A Brief History of Okinawa
14th Century to 1945
In 1879 Okinawa became Japan’s 47th prefecture, though its history as a major trading hub as the Ryukyu Kingdom dates back well into the 14th century. During World War II the Japanese government used Okinawa’s strategic location in the East China Sea to ward off Allied Forces’ advances as the war approached mainland. The Battle of Okinawa in 1945 resulted in a devastating loss to the island’s resources and population; an estimated 140,000 civilian casualties resulted during the 82-day fight.
Discover facts about Okinawa’s natural history at the Okinawa Prefectural Museum
Learn about Okinawa’s extensive history of inhabitants going back 6,000 years at Oyama Mayagama
Visit a “temple cave” in Urasoe, dating back to the 12th century: Makiminato Terabu Cave and Shrine
Get a glimpse of the Ryukyu Kingdom’s historic capital building at Shuri Castle in Naha
Tour some of Okinawa’s natural caves at the Matsuda Mēgā Gama Cave Tour
Dig deep into WWII history at the Japanese Navy Underground Headquarters
Pay your respects to those who lost their lives during WWII at the Okinawa Prefectural Peace Prayer Park
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For more firsthand stories about the Battle of Okinawa from the perspective of those who lived through it, read our reviews of these books:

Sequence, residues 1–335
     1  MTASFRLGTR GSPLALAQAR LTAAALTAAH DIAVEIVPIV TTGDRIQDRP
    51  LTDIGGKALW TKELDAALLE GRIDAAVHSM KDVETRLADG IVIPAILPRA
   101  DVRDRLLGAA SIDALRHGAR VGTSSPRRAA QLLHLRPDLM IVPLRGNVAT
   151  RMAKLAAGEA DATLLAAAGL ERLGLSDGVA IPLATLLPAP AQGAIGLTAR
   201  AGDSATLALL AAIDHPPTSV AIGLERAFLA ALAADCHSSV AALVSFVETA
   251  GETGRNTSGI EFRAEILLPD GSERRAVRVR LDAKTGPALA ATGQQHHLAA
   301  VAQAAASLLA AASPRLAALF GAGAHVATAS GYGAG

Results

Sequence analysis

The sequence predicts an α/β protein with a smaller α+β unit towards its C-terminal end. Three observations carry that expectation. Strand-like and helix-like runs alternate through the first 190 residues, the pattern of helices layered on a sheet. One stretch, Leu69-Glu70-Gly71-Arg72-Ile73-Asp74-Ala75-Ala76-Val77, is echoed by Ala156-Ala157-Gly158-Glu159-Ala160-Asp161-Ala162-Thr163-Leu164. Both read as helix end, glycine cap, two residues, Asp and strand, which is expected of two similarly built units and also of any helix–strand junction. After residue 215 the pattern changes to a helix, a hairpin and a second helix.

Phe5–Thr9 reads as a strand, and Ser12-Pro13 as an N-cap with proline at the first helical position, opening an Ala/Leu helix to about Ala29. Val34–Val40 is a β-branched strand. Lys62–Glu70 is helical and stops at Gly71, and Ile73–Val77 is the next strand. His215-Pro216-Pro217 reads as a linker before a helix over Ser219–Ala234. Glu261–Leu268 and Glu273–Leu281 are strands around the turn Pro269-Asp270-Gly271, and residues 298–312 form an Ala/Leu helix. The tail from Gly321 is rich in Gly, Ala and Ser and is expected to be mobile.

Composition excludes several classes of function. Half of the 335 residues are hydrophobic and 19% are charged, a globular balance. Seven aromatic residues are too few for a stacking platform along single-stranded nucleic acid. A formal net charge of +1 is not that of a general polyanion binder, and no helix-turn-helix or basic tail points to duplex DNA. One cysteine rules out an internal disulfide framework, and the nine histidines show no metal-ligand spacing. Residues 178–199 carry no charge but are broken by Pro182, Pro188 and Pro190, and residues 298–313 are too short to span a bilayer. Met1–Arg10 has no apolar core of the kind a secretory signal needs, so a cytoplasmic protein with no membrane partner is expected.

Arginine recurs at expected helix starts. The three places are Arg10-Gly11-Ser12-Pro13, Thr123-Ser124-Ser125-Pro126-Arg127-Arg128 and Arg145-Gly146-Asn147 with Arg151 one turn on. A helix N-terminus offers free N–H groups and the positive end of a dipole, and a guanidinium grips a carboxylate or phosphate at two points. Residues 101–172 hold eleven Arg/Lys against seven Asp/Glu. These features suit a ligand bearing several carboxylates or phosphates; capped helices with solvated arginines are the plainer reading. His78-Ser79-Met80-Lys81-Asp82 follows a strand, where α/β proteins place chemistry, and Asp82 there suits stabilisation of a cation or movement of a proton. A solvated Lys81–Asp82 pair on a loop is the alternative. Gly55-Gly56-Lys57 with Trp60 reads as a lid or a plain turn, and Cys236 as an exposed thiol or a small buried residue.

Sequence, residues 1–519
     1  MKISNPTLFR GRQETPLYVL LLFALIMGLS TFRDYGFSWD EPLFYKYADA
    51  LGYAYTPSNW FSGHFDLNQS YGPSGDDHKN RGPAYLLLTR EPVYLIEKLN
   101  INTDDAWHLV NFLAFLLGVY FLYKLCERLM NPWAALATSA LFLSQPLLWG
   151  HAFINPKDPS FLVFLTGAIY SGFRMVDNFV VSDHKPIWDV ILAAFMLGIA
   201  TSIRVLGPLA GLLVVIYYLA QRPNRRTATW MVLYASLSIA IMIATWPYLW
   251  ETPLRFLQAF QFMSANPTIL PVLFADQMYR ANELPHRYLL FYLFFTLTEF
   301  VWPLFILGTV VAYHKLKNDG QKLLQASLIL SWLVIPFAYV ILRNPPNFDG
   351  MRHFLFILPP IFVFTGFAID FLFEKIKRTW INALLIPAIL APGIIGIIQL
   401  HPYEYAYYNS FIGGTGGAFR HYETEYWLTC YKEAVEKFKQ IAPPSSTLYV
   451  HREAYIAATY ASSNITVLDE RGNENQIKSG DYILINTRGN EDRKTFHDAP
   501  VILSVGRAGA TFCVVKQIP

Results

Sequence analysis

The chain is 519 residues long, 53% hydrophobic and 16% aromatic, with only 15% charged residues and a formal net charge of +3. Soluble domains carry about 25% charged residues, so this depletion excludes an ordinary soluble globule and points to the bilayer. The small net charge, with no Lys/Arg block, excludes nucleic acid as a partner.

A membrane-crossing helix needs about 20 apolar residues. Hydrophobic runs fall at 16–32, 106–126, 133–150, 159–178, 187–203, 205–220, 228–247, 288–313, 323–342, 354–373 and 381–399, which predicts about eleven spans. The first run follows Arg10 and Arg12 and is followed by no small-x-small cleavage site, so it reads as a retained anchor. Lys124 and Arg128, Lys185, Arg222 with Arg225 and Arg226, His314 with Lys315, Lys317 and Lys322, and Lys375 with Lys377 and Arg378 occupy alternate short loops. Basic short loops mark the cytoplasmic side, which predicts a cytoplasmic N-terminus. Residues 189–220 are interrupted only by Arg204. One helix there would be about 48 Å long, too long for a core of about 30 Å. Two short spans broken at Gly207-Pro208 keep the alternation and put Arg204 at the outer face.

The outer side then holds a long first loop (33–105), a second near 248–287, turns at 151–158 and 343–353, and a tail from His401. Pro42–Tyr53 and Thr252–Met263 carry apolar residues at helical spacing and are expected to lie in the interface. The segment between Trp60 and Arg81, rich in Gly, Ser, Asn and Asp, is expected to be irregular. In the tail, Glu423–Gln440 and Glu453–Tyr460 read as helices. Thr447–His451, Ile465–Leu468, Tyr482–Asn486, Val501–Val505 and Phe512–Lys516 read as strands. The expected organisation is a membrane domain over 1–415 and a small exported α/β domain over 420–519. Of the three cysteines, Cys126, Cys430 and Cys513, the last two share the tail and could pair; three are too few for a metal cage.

The Girl with the White Flag by Tomika Higa
Women of Okinawa: Nine Voices from a Garrison Island by Ruth Ann Keyso
At the end of the war the United States took over administrative ruling of all the Ryukyu islands; they were returned to the Japanese government on May 15, 1972. Shortly after the close of the war, American servicemembers and their families found themselves stationed on this small, foreign Pacific island, with few resources or ways to connect with loved ones back home.
For more firsthand stories about growing up as military brats on Okinawa in the mid-20th century, read our reviews of these books:
Still Having Fun by Candace George Thompson
Soldiering On: Finding My Homes by Christina Kriha Kastner
Today, Okinawa has a local population of 1.3 million, and hosts nearly 50,000 US service members, support personnel and their families. All four armed forces branches are represented, with the USMC boasting the largest presence with eleven separate bases. All four branches work cooperatively with each other, each providing services for all those living on Okinawa in conjunction with the US military. Though family members may live on one installation, they frequently find themselves traveling to other bases for various reasons.
Learn more about the various Castles, Shrines and Temples on Okinawa
Find out more about the nine World Heritage Sites on Okinawa